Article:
Bond Dissociation Energies

This workflow offers the ability to quickly and conveniently calculate the bond dissociation energies (BDEs) of all hydrogens and halogens in a given molecule, providing important hints about reactivity.

Sierra CLI

BDEs for ethanol can be computed on the command line by writing the following in a terminal:

sierra bde "smiles:CCO"


Note

This command resolves the SMILES string to a 3D structure by calling out to Pubchem, which may not be suitable in all circumstances. However, structures can also be specified through reading a file. For example, the combination

sierra conformers "smiles:CCO" --output=ethanol.xyz --optimized-conformers=1
sierra bde ethanol.xyz

does not access the internet.

Python API

Example Python code to calculate the bond dissociation energies of ethanol would look as follows:

import sierra
from sierra.inputs import *

inp = BondDissociationEnergyInput(
molecule=Molecule(smiles="CCO"),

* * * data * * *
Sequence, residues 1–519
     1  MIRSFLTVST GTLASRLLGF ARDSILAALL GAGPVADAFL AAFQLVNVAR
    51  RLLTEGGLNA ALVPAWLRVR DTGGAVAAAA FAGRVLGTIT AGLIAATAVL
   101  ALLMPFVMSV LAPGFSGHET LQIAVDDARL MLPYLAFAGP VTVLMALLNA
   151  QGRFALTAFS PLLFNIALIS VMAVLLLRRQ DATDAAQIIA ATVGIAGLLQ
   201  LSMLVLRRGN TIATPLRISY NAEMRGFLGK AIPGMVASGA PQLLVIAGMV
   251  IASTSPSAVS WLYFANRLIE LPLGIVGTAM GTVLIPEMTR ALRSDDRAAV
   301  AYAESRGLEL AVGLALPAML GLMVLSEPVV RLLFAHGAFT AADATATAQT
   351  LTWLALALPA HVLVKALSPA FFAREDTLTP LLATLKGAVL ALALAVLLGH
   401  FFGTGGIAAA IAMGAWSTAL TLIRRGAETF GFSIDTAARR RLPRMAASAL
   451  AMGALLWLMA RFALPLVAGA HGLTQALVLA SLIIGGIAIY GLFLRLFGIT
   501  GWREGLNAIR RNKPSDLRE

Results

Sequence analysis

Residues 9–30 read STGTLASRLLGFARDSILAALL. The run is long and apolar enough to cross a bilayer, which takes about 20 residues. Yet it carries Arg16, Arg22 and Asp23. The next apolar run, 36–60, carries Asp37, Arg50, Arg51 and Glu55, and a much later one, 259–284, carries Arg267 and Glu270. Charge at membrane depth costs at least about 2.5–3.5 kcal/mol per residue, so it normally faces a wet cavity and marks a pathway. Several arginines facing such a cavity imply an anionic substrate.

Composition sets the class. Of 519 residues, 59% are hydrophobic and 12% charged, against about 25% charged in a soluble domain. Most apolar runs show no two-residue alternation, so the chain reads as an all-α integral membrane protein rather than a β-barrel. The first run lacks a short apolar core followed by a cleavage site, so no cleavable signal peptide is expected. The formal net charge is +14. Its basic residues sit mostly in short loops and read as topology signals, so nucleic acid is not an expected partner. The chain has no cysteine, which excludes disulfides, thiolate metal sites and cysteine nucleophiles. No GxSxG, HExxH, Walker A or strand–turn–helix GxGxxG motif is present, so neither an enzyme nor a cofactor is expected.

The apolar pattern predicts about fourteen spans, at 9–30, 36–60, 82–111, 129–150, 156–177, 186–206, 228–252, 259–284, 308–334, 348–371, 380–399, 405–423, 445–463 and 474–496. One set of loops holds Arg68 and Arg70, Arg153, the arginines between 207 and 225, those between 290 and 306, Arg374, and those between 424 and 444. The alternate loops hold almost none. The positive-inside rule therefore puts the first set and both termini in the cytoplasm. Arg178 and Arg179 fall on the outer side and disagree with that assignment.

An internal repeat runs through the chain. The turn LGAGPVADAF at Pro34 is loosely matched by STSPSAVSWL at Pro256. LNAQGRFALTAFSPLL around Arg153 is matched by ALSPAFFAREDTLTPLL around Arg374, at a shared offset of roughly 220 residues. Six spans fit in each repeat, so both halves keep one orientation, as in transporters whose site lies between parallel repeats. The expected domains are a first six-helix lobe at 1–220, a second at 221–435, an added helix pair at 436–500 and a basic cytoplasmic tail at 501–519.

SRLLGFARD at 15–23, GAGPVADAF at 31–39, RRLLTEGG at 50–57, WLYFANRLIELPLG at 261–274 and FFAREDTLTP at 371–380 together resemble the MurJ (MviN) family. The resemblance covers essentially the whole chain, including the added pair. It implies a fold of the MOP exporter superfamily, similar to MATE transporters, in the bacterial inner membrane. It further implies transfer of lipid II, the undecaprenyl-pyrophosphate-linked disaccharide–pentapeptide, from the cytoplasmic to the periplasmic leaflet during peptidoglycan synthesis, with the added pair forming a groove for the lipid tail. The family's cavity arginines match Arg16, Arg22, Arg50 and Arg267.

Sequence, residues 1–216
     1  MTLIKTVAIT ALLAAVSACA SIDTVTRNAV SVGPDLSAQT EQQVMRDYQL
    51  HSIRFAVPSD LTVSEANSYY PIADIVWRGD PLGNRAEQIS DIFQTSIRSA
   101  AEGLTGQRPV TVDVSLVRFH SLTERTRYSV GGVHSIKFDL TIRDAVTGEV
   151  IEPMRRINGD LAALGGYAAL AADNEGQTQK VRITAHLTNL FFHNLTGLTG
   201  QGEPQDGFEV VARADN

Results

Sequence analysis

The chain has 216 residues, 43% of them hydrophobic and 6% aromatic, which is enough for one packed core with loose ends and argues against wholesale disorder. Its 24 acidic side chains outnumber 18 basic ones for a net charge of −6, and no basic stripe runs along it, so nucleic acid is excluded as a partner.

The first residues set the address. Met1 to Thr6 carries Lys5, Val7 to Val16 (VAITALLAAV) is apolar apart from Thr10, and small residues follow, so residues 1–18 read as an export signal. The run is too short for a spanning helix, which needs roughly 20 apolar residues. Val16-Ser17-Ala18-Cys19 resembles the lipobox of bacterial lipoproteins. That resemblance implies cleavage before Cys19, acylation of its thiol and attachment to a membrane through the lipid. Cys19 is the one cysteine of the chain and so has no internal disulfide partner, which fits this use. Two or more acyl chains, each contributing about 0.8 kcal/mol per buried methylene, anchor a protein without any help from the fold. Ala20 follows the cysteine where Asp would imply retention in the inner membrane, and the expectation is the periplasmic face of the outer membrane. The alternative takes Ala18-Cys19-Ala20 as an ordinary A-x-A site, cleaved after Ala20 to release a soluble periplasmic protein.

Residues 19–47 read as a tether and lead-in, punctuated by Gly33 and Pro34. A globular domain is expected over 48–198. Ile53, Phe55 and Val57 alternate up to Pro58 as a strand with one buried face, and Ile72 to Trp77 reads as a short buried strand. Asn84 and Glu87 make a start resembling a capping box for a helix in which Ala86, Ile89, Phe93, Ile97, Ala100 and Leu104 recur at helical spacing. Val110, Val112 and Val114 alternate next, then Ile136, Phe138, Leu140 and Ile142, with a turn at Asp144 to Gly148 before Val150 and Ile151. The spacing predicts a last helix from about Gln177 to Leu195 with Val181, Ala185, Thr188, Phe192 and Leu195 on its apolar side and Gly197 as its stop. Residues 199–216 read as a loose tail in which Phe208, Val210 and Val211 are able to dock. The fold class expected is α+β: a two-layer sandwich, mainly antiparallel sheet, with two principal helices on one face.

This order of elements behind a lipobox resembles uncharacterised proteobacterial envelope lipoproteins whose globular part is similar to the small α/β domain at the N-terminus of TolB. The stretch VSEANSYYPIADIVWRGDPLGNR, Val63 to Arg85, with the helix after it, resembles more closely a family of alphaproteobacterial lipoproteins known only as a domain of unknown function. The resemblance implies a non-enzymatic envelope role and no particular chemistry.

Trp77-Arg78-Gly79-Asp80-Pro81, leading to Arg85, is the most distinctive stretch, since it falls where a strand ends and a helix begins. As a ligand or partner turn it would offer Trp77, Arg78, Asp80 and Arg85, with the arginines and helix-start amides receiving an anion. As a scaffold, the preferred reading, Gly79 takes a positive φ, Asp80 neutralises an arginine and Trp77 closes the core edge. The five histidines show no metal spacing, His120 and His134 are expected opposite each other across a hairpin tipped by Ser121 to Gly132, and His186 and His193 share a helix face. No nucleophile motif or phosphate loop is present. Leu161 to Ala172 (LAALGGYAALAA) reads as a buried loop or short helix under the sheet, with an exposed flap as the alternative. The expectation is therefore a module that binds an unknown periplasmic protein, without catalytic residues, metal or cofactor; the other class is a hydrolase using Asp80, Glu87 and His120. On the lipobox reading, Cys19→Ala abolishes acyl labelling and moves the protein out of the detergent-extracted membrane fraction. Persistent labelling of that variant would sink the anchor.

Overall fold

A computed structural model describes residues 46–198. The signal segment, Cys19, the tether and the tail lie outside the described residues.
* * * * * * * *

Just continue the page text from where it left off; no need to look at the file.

energy_method=XTBMethod()
)
result = sierra.run(inp, stream_output=True)


The method displays a list of the hydrogens and halogens in the molecule, their connecting atoms, and the associated bond dissociation energies. A relevant excerpt from the output for the above code is shown below:

 ---------------------------------------------------------------
Atom - Connected   value [kcal/mol]    rel. [kcal/mol]  success
---------------------------------------------------------------
H4 - C2         139.693908           0.000000     True
H5 - C2         145.836311           6.142404     True
H8 - C3         150.547043          10.853135     True
H7 - C3         150.795898          11.101991     True
H6 - C3         151.751393          12.057486     True
H9 - O1         158.756111          19.062204     True


These dissociation energies are generated by first optimizing the structure and then performing energy calculations - in this example, again using GFN1-xTB.

If a higher level of theroy is desired, the user has the option of changing the energy method passed to BondDissociationEnergyInput(), for example by adding energy_method=DFTInput(xc='b97-3c') to use B97-3c for the energy evaluations.

Other options for specifying the energy method can be found here.